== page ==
Lateral meristems add thickness to woody plants, a process called secondary growth.
There are two lateral meristems: the vascular cambium and the cork cambium.
The vascular cambium adds layers of vascular tissue called secondary xylem = wood and secondary phloem.
The cork cambium replaces the epidermis with periderm, which is thicker and tougher.
An overview of primary and secondary growth
Shoot tip (shoot
and young leaves)
Primary growth in stems
Secondary growth in stems
The root tip is covered by a root cap, which protects the apical meristem as the root pushes through soil.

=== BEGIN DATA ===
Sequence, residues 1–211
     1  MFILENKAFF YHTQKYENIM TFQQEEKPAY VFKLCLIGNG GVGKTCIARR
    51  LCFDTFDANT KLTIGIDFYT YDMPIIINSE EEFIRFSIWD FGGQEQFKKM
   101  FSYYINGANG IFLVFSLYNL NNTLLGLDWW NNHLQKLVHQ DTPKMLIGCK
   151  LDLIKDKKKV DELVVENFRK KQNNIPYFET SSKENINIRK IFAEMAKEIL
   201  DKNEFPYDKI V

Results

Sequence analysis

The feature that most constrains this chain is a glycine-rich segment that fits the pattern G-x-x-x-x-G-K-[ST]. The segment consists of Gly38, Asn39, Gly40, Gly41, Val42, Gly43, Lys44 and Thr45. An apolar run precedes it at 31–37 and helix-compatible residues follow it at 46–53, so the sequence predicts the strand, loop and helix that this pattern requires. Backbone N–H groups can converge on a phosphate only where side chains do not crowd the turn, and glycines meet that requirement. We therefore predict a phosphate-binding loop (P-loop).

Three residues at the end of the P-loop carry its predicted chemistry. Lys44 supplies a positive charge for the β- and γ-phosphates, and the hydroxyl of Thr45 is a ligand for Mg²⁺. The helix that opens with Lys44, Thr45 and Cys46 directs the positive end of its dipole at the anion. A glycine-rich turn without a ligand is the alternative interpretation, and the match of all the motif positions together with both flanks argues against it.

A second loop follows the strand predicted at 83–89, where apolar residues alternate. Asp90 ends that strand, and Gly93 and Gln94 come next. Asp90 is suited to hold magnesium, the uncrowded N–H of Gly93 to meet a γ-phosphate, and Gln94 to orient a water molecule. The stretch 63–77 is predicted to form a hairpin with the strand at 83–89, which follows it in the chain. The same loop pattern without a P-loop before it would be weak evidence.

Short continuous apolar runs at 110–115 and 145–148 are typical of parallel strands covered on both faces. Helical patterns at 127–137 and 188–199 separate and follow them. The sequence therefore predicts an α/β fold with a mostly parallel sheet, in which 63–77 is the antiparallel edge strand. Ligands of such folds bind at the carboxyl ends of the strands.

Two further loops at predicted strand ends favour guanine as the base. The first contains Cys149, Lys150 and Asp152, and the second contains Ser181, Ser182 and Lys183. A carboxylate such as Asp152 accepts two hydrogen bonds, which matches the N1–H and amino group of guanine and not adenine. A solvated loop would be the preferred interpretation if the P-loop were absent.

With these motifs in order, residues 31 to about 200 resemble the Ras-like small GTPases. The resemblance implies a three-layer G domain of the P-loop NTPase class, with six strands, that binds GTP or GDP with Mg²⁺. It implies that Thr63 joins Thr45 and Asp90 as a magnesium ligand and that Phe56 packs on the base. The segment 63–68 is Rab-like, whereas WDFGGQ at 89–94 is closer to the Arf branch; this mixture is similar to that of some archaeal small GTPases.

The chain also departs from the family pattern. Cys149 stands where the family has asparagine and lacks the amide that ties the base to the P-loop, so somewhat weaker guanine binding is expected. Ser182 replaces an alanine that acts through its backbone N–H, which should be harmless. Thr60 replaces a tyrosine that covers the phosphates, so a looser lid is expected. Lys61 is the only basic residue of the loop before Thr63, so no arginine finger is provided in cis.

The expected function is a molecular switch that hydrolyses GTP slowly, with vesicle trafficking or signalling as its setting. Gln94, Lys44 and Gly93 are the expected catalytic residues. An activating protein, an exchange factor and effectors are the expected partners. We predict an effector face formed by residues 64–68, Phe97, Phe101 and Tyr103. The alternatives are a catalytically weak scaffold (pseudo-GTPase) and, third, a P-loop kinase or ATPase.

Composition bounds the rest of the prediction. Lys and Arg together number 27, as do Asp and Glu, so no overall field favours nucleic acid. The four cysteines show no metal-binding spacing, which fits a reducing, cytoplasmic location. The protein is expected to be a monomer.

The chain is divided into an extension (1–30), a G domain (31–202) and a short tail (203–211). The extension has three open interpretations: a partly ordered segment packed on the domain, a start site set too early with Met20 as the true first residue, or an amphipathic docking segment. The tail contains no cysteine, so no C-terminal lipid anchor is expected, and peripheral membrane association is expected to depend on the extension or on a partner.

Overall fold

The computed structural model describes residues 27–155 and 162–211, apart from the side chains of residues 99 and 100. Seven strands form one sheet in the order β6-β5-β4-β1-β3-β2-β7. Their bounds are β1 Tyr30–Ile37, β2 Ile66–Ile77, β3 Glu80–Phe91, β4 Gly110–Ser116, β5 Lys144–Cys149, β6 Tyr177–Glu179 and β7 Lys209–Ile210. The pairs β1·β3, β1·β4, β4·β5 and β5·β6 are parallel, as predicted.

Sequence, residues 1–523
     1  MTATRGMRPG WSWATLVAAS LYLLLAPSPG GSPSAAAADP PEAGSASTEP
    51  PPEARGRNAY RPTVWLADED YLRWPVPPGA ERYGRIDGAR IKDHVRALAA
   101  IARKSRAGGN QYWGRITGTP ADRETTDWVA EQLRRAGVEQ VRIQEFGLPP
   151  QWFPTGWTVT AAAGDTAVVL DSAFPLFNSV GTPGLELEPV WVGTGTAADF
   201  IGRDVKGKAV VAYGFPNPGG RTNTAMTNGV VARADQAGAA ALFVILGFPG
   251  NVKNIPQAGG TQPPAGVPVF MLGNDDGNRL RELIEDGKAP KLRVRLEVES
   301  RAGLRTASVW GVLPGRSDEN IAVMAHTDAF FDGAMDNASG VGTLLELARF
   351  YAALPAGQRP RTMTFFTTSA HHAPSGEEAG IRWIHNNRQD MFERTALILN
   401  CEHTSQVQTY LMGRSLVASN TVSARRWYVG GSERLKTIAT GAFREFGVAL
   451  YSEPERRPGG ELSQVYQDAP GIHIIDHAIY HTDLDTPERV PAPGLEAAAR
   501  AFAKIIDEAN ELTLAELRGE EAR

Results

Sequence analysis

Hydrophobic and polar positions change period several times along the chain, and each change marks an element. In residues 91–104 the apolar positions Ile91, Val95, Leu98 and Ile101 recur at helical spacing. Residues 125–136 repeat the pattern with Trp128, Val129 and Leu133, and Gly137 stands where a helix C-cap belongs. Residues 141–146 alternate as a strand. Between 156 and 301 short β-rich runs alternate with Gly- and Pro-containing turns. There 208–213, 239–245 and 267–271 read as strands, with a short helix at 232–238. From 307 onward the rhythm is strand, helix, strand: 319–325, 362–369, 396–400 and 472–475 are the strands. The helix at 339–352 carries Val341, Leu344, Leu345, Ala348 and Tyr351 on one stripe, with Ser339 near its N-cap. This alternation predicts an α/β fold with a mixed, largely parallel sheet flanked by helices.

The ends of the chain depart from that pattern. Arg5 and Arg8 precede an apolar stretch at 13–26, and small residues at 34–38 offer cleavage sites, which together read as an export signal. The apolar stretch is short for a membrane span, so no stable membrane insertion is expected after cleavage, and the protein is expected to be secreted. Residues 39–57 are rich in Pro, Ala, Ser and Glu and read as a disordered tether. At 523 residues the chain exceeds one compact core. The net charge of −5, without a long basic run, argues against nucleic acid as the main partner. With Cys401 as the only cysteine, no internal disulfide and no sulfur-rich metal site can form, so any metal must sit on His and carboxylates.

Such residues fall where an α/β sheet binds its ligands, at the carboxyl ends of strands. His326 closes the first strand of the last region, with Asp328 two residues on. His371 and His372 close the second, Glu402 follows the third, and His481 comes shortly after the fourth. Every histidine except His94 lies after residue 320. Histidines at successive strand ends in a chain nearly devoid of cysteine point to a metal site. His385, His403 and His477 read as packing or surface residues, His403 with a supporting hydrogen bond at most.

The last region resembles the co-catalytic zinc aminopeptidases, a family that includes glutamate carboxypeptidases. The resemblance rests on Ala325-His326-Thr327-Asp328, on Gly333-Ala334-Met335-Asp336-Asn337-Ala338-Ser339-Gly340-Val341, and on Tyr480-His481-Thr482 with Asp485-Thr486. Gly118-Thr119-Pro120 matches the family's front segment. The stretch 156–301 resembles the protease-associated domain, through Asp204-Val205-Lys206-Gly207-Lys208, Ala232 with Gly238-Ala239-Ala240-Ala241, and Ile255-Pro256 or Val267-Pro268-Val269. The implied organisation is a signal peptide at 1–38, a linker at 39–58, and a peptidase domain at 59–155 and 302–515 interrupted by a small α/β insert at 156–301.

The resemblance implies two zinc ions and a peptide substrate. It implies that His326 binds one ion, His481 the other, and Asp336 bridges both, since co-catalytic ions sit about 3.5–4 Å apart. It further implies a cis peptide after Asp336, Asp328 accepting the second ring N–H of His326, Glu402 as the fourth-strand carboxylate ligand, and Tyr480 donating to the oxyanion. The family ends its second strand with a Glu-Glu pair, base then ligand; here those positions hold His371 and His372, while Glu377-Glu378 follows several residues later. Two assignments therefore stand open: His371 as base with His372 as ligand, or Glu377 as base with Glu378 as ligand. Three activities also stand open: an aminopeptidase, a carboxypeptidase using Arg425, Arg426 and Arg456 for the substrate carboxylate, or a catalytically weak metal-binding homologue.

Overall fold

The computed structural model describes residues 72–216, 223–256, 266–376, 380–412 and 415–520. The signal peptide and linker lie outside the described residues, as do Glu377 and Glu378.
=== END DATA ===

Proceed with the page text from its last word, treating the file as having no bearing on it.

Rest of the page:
Growth occurs just behind the root tip, in three zones of cells:
Zone of cell division
Zone of elongation
Zone of maturation - differentiation.
Primary growth of a root
Zone of cell
The primary growth of roots produces the epidermis, ground tissue, and vascular tissue.
In most roots, the stele is a vascular cylinder.
The ground tissue fills the cortex, the region between the vascular cylinder and epidermis.
The innermost layer of the cortex is called the endodermis.
Root with xylem and phloem in the center
(typical of eudicots)
Root with parenchyma in the center (typical of
Organization of primary tissues
in young roots
Lateral roots arise from within the pericycle, the outermost cell layer in the vascular cylinder